Education, Interviews, People, Special Events, The Features

Meet Travelers Who Make a Difference

Every year, National Geographic celebrates individuals who travel the globe with passion and purpose. These travelers represent a style of travel, motivation, or method that informs and inspires us. Last year, more than 1,500 nominations were sent in to National Geographic Traveler for their annual Travelers of the Year award. The magazine staff selected those who turned trips into opportunities to assist with conservation efforts, connect with local cultures, volunteer, challenge themselves, deepen familial and community bonds, and engage the world in a meaningful way.

This Thursday, National Geographic will host a discussion with seven of their 2013 winners. And WeLoveDC wants to send one of our readers to this insightful program with a pair of tickets to the program and reception!

Panelists at the evening program will be Hilda and John Denham, who established the Pacuare Nature Reserve in Costa Rica to protect turtle nesting areas; Alison Wright, a photojournalist who launched the Faces of Hope Fund to provide medical assistance, education, and aid to children around the globe; Shannon O’Donnell, who began Grassroots Volunteering, a database of volunteering and sustainable tourism opportunities; Molly Burke and Muyambi Muyambi, founders of Bicycles Against Poverty in Uganda; and Tracey Friley, a youth travel advocate who began the Passport Party Project for helping underserved girls get their first passports.

These travelers went a step beyond a simple vacation and strive to make a difference through their journey. Often, it is an experience, sight, or object that inspires their change of direction. “I traveled several times to Costa Rica during the eighties to see the turtles and went to many beaches on both Pacific and Caribbean coasts,” said Hilda Denham. “I was fascinated by what I saw but was shocked by the poaching that was going on everywhere. Legislation came too late, and has always been ineffective.”

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New Bus Service Links U Street to Brooklyn (Win a Ticket to Try It Out!)

Photo courtesy of
courtesy of ‘erin m’

“Don’t hate on us. Don’t hate just because we might be cool or choose to live in a creative, vibrant neighborhood,” implores Shalonda Hunter, founder of The Know It Express a new bus service between Brooklyn and DC. You might have heard it casually called “the hipster bus” – but it’s owner has a more inclusive, positive concept.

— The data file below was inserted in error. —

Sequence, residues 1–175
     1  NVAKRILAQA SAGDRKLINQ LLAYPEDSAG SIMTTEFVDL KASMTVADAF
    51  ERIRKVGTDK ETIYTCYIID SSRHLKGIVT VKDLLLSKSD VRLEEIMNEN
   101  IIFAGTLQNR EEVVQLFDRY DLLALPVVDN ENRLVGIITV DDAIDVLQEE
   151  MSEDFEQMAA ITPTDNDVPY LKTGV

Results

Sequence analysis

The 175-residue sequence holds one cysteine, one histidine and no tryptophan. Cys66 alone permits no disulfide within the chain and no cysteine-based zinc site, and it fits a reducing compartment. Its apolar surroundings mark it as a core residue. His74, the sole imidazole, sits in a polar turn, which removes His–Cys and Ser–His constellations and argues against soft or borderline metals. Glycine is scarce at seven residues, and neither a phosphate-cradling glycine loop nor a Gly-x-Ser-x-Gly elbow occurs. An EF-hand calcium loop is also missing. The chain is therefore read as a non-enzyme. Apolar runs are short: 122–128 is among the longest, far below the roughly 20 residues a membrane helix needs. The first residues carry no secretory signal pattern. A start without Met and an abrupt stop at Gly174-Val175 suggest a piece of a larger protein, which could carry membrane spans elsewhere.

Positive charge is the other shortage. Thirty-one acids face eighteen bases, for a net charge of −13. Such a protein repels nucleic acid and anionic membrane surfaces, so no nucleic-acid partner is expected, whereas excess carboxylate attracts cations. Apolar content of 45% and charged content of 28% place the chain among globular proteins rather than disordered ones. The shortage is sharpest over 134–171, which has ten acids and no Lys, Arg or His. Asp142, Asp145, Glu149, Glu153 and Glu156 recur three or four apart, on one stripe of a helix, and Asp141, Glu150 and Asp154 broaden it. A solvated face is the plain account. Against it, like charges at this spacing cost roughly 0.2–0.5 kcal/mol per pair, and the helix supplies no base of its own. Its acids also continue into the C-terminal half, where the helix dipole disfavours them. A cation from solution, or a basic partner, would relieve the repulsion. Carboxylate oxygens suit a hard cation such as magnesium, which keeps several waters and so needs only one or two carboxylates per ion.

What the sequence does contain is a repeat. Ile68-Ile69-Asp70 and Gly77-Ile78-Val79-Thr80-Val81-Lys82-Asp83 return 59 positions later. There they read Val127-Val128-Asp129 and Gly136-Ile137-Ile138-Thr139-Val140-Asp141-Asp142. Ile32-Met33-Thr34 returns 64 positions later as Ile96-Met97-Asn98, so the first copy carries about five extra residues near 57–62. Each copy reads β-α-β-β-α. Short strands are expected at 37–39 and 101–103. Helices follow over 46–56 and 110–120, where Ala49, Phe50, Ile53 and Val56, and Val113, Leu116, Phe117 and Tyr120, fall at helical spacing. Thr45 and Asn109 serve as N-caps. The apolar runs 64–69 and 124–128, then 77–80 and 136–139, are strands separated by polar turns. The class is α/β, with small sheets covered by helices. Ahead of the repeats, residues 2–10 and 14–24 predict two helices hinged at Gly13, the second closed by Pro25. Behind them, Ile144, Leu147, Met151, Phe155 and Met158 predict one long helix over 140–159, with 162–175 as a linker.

“The whole idea is to help people from both cities appreciate what the other has to offer – and connect people with their pals, where they live.”

Ms. Hunter originally founded The Know It as a DC tourist-information site (now in transition to more of a traveler’s social network) after years of work in the city and a deep desire to show off both the major tourist sites, but also the personal, hometown side of DC. Even if tourists make their way off the Mall, she says, “There is more to this town than a stop at Ben’s Chili Bowl. I want to show people that.”
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The Daily Feed

River Visual

This is my favorite thing about flying back into DC from a trip: the famous River Visual Approach to DCA, the path planes must take to avoid no-fly zones when landing from the North in clear weather. Sit on the left side of the plane during a river visual landing, and you get great views, from the Mormon Temple and the Beltway, down to the Cathedral, right down to Georgetown, the Watergate, the National Mall, Hains Point, and Southwest Waterfront.

When flying in to DC with a chance to reserve seats, pick a window on the left side. Even if you end up doing the less climactic approach from the South, you get a great view of Alexandria and the George Washington Masonic Memorial before touching down. (Conversely, if flying out, get a window seat on the right side of the plane for similar views.)

Bigger video after the jump: Continue reading

The Daily Feed

Get Me Out of Here: Sun and Sand for Cheap

Photo courtesy of
courtesy of ‘needlessspaces’

The dreamy 85 degree sun beats down on you as you lay, without a care in the world, sprawled out on a hotel towel covering the warm white sand, listening to the soothing crashing of the waves in a consistently rhythmic fashion. The sound of an exotic bird squawking as it flies overhead causes you to briefly raise your head and look out over the crystal clear, bright blue waters that surround you. Do you put the trashy, mindless romance novel down and take a dip in the warm waters, snorkel with the fishies of a thousand different colors, take a barefoot stroll along the beach to feel the fine sand between your toes…or do you put your head back where it was and catch some more sleep (as soon as you finish that Piña Colada of course)?

These are tough decisions. Really tough. But they are the kind of decisions you could be forced to make if you could JUST GET OUT OF HERE. Trade the white snow for the white sand, the cold for the hot, the blizzard induced winds for the light breeze off the sea. Trade snow shoveling for beach drinking and layer after layer of clothes for…just about nothing. Seriously, it’s time to get away from this frozen tundra of a city and get to where the sun and the sand are seemingly endless. I’m here to show you a few example trips on the cheap. And if nothing else, at least stare at these HOT PICTURES.

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News, The Daily Feed

VA gets $75M, MD $70M for Railway Improvements

Photo courtesy of
‘Tomix EF66 41 Hauling Hayabusa’
courtesy of ‘foolish adler’

Both Virginia and Maryland will received funds from the federal government’s American Reinvestment and Recovery Act to improve local railway infrastructure and services.

Virginia’s $75 million dollars in funding will build an additional 11 mile track to the current railway service between Woodbridge and Quantico.  The new track will allow freight and passenger trains to simultaneously navigate this bottle-necked section and will allow trains to reach speeds up to 100mph. Improving this stretch is only part of a proposed $1.8 billion dollar project to create a Southeast High Speed Rail Corridor.